Other basketball players may wear throwback jerseys, but you won't run into many who fit the uniform of an earlier era as easily as center Lazaros Papadopoulos of Dynamo Moscow, Euroleague Basketball's MVP for January. Papadopoulos himself recognizes that his back-to-the-basket, post-up style based on an array of hook shots is straight out of the past. He studies old centers to improve on his game. And considering how successful he has become with it - as one of only two players to win both Euroleague and ULEB Cup titles, not to mention a reigning European national champion and World Championships silver medallist - he's quite happy practicing a lost art. "The style of basketball we play under Dusan Ivkovic is a classical style," Papadopoulos told Euroleague.net in an exclusive interview. "The modern style is to split and skip and there is not so much of a low-post game. Most teams play with a pick-and-roll and a skip pass. It's not the classic game of ten years ago or more, with strong post-up players. Dynamo and just one or two more teams maybe play such a game style as this. Most play totally different from us. I imagine that on another team, I might not enjoy it so much. Maybe we would win, but I would not enjoy it. Here, we win and I like it. Everything is perfect."
First, congratulations on being chosen January MVP. Dynamo won five Euroleague games in January, something few teams do ever. But Dynamo is a new team and is now going into the Top 16 among the highest-ranked teams. Are you proud of what your team has accomplished?
"Of course, I am proud, because you cannot forget that Dynamo never played in such a big competition as the Euroleague. So this is a big surprise for all the people at Dynamo and for us also, because our target before the season was just to go to the Top 16. We made that happen during these games, and that has made us very happy. I hope we have the power to continue like we have been playing lately."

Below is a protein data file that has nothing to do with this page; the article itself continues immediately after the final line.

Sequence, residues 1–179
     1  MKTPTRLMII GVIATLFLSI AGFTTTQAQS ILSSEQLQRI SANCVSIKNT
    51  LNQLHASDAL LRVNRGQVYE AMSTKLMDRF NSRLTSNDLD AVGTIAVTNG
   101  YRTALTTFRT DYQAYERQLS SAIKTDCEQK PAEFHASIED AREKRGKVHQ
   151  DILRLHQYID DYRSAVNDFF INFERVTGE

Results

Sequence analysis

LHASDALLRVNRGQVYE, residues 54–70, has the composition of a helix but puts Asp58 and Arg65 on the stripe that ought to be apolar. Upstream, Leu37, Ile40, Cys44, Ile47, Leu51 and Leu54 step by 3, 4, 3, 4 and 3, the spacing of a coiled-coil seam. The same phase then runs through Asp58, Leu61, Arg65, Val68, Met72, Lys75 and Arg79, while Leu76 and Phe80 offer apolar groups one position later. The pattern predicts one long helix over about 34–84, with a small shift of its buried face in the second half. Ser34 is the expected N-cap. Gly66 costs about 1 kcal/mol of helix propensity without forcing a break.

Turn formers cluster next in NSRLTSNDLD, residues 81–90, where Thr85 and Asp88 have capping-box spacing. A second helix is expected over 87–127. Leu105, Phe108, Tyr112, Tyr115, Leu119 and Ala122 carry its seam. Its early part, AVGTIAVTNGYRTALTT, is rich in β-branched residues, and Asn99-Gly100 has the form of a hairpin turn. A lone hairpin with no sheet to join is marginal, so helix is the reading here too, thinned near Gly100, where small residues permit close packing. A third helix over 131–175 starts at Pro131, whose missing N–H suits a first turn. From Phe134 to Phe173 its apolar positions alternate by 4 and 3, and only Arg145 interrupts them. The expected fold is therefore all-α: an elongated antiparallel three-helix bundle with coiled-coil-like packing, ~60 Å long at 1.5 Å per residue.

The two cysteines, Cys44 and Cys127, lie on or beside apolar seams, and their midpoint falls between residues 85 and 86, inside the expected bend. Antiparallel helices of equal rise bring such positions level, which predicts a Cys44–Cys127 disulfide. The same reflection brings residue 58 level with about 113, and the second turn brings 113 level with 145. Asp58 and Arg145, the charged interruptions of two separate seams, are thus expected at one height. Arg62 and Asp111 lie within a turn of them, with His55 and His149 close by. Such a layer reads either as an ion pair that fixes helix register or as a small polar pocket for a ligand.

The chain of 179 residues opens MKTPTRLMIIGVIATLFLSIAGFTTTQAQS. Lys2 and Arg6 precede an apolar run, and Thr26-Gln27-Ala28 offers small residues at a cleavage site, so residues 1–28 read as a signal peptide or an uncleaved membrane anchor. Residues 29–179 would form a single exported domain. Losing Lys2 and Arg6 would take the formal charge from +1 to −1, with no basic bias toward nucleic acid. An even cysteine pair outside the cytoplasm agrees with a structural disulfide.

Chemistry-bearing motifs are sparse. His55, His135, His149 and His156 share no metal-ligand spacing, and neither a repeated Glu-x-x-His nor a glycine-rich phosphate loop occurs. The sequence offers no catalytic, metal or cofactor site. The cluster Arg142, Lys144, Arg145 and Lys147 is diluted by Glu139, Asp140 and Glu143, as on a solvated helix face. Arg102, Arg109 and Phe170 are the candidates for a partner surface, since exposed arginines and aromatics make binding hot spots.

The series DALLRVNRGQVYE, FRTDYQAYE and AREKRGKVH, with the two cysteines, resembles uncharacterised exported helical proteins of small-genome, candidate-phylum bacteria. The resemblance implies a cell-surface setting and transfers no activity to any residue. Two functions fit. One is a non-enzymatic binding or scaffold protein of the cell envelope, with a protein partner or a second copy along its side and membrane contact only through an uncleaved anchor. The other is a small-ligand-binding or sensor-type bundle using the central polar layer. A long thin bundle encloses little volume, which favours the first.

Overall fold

You are very accustomed to winning recently: in the past couple years alone, a ULEB Cup title with Dynamo, and a Eurobasket gold medal and World Championships silver with Greece. How do you feel about being named the Euroleague's January MVP?
"What is most important is the team winning and going to the Top 16. My belief is that basketball is not about one player. It's not just because of me, but especially because of my team that this happens. I have teammates like Antonis Fotsis and Travis Hansen who help me all the time by giving me space to play. If they weren't there playing with me, I would not be MVP. For me, this is a team award because my teammates help me a lot. I count it for all of them."
Everyone knows you were a Euroleague champion with Panathinaikos, but some might not know that when you signed with Dynamo, you were going "back" to Russia, where you grew up. Can you tell us about this connection you had with Russia?